THC Content and Potency: What You Need To Know

A higher THC content doesn’t mean your cannabis is stronger. Shocked, right?

Extracts used for creating cannabis products have an average of 50 to 90 percent THC, a psychoactive ingredient that, depending on its concentration, has a multitude of effects on the brain and body.

But, more THC isn’t a guarantee of a more intense high. Read on as we dive right into the fascinating world of cannabis and THC levels.

Why Is it that a Higher THC Concentration Isn’t a Guarantee to Better Cannabis?

The effect that a particular marijuana strain has on your body isn’t only dependent on THC, which is why focusing only on THC concentration isn’t a good way to determine the potency.

Fun Fact: Some of the most intense cannabis strains have only 10 to 15 percent THC.

In fact, using flowers with a higher THC content might leave you underwhelmed. The reason behind this is the complexity of cannabis. The plant contains several chemical compounds or cannabinoids like CBD, CBN, THCV, CBD, and CBC in addition to THC and plant matter called terpenes.

Some of these cannabinoids also have varying levels of psychoactivity that changes the way THC reacts with your brain.

We aren’t saying that THC levels are insignificant, it’s just that its effect is also dependent on cannabinoids and terpenes.

Understanding the Structure of a Cannabis Plant

There are two main components of a cannabis plant: cannabinoids and terpenes.


As we’ve already mentioned the different types of cannabinoids, we’ll talk about their effects here.

CBD is a non-psychoactive element that negates the effect of THC. In other words, if a strain has a higher level of CBD as opposed to THC, you won’t get high. Similarly, when the THC content to CBD content ratio is 19:1, the overall effect is going to be much stronger.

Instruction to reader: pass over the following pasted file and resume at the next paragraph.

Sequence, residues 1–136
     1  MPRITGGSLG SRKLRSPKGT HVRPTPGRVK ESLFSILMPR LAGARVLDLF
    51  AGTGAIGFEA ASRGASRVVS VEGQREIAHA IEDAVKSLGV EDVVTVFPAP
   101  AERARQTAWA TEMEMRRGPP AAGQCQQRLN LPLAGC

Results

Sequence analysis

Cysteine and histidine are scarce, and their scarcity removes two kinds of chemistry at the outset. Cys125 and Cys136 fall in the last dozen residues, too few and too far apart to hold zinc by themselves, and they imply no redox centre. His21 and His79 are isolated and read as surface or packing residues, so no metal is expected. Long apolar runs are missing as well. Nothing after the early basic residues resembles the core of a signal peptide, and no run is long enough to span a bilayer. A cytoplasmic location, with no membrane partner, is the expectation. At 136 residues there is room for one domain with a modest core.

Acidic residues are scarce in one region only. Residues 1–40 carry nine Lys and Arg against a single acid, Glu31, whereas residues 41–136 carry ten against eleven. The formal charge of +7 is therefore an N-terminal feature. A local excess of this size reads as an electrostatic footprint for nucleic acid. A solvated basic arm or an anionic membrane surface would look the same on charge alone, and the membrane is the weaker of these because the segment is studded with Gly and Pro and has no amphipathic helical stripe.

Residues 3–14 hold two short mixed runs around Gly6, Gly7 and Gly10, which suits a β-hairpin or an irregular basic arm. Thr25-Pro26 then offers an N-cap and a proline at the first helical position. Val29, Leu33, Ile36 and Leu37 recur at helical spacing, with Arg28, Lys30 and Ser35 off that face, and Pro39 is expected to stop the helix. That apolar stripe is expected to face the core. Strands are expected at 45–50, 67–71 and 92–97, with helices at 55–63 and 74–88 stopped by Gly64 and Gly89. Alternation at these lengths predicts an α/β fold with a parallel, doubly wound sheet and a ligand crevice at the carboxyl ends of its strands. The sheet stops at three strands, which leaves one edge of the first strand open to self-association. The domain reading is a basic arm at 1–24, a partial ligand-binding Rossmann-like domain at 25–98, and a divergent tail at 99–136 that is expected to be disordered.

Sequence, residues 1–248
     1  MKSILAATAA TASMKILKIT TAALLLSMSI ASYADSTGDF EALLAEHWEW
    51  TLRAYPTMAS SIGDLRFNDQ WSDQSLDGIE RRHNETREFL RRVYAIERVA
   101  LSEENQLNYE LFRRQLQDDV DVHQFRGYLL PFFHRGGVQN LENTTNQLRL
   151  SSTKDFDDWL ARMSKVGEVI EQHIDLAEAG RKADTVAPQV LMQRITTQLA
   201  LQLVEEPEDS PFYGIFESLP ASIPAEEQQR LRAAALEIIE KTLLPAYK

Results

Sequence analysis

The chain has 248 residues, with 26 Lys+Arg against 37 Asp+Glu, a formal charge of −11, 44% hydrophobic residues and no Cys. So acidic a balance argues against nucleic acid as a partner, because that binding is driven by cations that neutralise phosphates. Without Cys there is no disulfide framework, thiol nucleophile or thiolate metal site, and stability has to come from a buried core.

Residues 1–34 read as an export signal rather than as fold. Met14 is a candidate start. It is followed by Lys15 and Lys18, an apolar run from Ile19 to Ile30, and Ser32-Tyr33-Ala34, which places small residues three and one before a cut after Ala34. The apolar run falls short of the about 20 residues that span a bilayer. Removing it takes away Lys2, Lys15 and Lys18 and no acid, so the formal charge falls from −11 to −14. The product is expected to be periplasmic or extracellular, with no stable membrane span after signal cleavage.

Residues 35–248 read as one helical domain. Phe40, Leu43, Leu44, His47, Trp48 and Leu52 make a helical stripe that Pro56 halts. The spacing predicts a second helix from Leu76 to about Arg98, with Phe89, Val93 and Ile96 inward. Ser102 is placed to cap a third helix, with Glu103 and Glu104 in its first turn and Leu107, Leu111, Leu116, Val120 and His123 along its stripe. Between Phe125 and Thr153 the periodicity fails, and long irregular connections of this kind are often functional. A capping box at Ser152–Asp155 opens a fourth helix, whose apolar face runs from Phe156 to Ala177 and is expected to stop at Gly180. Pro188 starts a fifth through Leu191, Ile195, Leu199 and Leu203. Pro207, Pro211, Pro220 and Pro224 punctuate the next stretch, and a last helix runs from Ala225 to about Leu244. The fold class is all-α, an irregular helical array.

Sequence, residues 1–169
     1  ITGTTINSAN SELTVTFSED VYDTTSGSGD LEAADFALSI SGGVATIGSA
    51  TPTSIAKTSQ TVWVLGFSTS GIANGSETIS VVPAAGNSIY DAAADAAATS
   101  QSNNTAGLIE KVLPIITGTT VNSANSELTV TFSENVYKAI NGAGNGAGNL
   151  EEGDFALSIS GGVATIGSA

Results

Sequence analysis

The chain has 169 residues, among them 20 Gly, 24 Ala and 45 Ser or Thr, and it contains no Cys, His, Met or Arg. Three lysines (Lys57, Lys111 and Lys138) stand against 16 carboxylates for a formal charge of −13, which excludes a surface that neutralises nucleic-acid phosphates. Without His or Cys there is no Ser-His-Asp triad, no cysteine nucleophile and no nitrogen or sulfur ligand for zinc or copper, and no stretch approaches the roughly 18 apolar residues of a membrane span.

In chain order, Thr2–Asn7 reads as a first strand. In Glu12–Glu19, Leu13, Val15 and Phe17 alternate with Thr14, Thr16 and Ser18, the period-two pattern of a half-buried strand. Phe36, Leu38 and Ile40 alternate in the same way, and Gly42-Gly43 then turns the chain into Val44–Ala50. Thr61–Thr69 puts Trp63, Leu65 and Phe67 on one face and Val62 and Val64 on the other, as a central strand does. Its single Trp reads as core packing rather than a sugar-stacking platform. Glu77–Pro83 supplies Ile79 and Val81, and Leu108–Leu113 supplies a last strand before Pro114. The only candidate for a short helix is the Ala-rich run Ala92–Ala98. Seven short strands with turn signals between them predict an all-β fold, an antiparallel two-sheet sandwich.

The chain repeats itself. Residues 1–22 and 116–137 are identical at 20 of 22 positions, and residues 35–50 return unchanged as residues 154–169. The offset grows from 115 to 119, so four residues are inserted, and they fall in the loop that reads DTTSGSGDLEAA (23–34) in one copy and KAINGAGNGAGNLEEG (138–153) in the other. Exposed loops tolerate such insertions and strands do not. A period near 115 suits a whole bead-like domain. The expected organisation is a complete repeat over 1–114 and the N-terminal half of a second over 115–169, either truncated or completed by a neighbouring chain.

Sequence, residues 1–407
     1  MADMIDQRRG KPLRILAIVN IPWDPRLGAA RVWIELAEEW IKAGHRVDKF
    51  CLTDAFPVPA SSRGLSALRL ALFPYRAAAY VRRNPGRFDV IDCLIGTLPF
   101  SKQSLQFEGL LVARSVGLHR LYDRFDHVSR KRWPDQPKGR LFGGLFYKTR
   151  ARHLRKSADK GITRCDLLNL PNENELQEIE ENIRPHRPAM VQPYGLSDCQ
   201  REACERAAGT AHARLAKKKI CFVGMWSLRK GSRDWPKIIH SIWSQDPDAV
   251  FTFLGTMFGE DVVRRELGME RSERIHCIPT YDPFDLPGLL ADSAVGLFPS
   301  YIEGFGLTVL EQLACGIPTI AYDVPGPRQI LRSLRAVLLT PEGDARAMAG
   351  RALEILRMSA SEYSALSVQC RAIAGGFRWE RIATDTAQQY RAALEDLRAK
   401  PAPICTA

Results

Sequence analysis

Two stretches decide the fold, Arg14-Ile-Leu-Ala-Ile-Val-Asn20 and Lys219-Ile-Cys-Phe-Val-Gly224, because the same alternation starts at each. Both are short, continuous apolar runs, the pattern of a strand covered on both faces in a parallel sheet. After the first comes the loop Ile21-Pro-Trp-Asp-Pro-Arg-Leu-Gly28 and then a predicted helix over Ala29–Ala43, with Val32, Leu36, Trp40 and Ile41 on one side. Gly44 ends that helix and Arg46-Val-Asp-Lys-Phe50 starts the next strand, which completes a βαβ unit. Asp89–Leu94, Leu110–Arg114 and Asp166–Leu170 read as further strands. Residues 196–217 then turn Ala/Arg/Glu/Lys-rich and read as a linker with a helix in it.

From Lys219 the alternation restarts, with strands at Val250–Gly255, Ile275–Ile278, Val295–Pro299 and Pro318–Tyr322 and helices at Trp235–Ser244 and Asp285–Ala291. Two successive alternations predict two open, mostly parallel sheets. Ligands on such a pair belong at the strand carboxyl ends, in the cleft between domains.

Terpenes are mainly responsible for the flavor and aroma of the flower, with each strain having its own distinct terpene content. Pinene, myrcene, limonene, and caryophyllene are some of the few examples.

They work together with other cannabis molecules to determine the kind of influence the strain will have on your brain and body. This energy is known as the entourage effect.

Interestingly, it’s terpenes that are responsible for the specific effect of a cannabis flower. For example, limonene and pinene can make you happier, alert, and sharpen your memory. They also have a counteractive effect on THC.

On the other hand, linalool and myrcene have a relaxing effect that can be beneficial for patients suffering from anxiety or hypertension.

Does This Mean I Shouldn’t Use Cannabis with a High THC Content?

Of course not! If you prefer high THC strains like Ghost OG, Original Glue, White Fire G, Silver Haze, you can certainly keep using them.

Our purpose was only to notify you that there is much more to cannabis and just THC when it comes to potency. So, you should instead focus on how the different strains affect you and why you‘re using them.

Luckily, cannabis strains can help you feel all kinds of emotions – from energized to creative to euphoric, it certainly is a wonder plant.

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